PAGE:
Abstract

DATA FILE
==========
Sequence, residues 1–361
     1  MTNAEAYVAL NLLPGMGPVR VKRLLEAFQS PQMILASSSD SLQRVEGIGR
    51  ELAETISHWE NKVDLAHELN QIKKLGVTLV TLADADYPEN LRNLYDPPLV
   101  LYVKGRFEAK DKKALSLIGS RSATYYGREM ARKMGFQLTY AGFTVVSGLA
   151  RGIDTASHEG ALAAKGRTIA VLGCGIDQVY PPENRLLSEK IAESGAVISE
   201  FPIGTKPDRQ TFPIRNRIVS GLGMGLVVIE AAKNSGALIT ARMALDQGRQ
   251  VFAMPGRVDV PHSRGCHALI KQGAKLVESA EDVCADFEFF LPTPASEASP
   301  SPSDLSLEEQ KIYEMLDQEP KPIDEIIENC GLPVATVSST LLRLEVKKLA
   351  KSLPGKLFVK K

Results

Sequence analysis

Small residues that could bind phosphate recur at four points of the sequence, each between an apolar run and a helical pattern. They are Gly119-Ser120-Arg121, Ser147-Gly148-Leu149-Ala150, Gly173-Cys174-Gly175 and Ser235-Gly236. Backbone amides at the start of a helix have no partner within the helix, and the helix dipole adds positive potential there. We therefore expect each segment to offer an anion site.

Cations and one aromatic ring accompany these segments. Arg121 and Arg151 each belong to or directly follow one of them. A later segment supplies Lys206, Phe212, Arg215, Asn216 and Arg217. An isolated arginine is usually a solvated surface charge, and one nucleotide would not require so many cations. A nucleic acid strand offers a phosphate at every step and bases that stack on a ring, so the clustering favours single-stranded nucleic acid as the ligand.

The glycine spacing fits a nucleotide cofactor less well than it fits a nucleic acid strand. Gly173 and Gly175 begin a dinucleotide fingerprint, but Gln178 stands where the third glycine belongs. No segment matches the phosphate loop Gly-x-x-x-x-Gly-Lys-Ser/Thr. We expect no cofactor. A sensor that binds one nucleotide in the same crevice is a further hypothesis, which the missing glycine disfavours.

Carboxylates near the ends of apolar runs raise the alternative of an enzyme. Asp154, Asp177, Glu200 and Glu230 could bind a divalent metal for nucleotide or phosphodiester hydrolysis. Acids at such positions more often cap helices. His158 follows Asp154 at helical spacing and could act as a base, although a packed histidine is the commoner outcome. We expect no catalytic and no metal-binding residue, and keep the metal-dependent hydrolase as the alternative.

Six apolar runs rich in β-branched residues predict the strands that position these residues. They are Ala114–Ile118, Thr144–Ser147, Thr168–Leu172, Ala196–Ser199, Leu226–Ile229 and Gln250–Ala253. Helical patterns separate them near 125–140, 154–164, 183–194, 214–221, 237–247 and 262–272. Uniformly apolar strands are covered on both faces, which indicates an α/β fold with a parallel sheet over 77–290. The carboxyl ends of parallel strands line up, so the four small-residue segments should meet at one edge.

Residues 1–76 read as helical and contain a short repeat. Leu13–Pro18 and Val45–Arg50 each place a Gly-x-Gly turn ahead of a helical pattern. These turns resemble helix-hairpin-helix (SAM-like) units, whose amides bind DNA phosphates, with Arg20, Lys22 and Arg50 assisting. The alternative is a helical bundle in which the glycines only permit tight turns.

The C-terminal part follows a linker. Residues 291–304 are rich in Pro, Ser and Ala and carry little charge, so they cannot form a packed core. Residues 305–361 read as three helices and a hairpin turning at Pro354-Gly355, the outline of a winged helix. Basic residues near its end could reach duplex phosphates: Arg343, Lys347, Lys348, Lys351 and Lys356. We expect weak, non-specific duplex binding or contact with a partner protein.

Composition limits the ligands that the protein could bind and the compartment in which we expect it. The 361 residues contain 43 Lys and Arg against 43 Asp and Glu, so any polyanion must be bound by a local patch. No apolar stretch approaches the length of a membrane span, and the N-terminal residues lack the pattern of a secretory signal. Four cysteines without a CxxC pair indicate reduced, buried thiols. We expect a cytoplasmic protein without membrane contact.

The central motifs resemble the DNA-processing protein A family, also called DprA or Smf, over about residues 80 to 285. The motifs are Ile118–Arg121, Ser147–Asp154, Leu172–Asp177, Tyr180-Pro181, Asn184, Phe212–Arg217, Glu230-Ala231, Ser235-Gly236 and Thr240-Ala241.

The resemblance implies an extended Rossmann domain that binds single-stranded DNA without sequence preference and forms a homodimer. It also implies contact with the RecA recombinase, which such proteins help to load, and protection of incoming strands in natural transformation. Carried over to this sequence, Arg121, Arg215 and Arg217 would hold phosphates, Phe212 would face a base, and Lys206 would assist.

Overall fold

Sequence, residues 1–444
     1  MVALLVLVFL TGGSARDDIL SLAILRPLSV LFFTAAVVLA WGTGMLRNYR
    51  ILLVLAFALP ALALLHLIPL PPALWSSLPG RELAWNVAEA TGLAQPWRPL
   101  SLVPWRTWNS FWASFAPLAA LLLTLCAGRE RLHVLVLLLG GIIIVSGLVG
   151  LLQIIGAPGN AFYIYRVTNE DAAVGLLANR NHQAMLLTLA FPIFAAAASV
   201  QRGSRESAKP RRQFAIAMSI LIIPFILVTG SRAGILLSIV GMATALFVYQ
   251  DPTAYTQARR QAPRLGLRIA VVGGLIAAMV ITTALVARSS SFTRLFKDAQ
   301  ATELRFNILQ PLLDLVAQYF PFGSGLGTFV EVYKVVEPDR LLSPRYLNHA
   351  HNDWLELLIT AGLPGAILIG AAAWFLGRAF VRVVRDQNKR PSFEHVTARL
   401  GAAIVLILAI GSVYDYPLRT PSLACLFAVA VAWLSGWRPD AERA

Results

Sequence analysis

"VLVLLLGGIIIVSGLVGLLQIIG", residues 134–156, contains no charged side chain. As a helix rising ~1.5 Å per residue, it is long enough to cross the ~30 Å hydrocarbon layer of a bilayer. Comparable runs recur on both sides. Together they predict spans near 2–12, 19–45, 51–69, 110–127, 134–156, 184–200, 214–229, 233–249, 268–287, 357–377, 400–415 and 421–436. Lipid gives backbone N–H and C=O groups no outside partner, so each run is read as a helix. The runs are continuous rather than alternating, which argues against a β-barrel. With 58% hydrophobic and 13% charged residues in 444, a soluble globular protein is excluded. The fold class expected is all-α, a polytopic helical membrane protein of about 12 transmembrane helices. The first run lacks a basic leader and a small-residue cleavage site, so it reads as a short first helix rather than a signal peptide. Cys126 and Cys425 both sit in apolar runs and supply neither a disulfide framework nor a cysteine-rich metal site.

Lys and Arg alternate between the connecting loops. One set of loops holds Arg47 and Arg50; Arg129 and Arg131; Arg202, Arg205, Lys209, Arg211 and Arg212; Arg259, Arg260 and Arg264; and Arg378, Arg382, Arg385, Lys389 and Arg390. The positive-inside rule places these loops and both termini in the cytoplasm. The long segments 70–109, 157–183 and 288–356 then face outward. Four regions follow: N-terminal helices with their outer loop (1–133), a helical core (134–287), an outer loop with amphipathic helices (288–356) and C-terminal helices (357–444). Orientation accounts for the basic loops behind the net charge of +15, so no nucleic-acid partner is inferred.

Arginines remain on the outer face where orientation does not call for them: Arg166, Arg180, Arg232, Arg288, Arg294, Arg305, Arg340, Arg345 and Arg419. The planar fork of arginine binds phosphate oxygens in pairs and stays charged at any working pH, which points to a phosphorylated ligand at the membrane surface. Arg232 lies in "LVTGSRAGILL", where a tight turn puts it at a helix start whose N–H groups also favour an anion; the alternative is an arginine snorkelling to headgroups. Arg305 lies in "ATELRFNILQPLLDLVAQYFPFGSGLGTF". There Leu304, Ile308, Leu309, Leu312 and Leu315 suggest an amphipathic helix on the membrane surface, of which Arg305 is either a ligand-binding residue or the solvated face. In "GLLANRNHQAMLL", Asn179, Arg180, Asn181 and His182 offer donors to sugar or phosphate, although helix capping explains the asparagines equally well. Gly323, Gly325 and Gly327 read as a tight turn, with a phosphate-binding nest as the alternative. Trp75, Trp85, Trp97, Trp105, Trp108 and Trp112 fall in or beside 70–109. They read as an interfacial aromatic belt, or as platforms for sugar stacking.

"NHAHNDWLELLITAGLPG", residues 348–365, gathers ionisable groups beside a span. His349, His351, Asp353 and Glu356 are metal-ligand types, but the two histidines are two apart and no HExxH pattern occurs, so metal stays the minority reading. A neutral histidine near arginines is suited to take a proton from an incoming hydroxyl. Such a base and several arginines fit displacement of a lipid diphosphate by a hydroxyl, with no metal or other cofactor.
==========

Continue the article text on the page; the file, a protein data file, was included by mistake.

At present the ECB is striving, through its so-called zero interest rate policy, to avoid deflationary developments because, as past experience shows, a further price decay would be expected to lead to bankruptcies and be a strain on the real economy. Complementary quantitative easing (QE) and the resulting drop in returns on bought up securities will hopefully lead to the commercial banks giving more credits to small and medium-sized enterprises which are unable to, or have difficulty in financing themselves through bonds. Reducing the margin between interest income and refinancing costs to the lowest level possible has caused serious problems for credit institutions. The same applies, due to the reduced interest rates on loans, to the insurance companies and pension funds, which tend to invest conservatively. — Zero interest rate policy, which in itself is a contradiction of the principles of a market economy, should be relinquished as soon as possible. A return to a monetary policy which does not lead to misallocation and structural distortions is urgently necessary.